An alternative to recycling that almost always appears to be the cheaper option (at least in cases where it applies) is reuse. Reusable containers only have to be manufactured once for hundreds or thousands of uses (such as a water bottle used every day for years), and the energy cost between uses is approximately that of cleaning the container with soap and water, a negligible expense compared to sorting, melting down, and pouring the material into a mold again, for example. For products with glass containers, a deposit-refund system to encourage people to return the containers to the store for reuse seems more useful than recycling, given glass's durability and the small energy savings for recycling it. [6] If individuals own their own containers made of durable material, or return such containers to the store to be cleaned and refilled, reuse could in theory replace all disposable and recyclable containers, although this method does require a greater time commitment from consumers to clean these containers, and/or the inconvenience of carrying empty containers around, collecting them, and returning them. Reuse doesn't work as well for printed paper, or for non-container metal or plastic items such as electronics or packing material, so recycling may still be the best option in these cases.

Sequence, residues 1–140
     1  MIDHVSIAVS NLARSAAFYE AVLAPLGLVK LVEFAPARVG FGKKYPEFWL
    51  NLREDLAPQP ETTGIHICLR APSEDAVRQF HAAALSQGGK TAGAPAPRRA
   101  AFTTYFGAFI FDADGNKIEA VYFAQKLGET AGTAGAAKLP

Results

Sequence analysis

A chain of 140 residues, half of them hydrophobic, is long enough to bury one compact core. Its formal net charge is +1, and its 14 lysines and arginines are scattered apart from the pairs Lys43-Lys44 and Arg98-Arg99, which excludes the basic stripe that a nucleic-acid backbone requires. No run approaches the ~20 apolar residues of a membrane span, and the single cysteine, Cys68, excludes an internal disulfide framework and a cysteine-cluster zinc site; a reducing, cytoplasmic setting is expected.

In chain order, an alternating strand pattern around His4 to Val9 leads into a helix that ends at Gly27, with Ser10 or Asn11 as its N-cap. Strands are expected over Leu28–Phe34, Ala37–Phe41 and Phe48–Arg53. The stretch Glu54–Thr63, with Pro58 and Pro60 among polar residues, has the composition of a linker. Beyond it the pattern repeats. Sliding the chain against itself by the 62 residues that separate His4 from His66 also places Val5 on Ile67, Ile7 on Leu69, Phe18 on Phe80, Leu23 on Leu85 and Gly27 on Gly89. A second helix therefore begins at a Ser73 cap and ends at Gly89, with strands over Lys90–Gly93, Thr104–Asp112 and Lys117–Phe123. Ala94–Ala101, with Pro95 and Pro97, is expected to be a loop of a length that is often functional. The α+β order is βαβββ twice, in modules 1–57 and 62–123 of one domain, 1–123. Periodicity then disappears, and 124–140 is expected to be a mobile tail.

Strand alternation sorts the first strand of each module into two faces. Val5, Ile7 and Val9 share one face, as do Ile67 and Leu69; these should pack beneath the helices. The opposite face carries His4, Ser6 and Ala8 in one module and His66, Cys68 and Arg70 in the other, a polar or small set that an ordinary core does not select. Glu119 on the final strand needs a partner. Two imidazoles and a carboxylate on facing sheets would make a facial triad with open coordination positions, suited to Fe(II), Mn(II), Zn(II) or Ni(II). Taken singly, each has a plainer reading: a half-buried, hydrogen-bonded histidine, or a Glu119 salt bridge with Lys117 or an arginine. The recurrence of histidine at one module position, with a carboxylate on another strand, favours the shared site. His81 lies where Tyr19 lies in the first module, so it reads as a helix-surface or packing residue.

Dwindling Resources?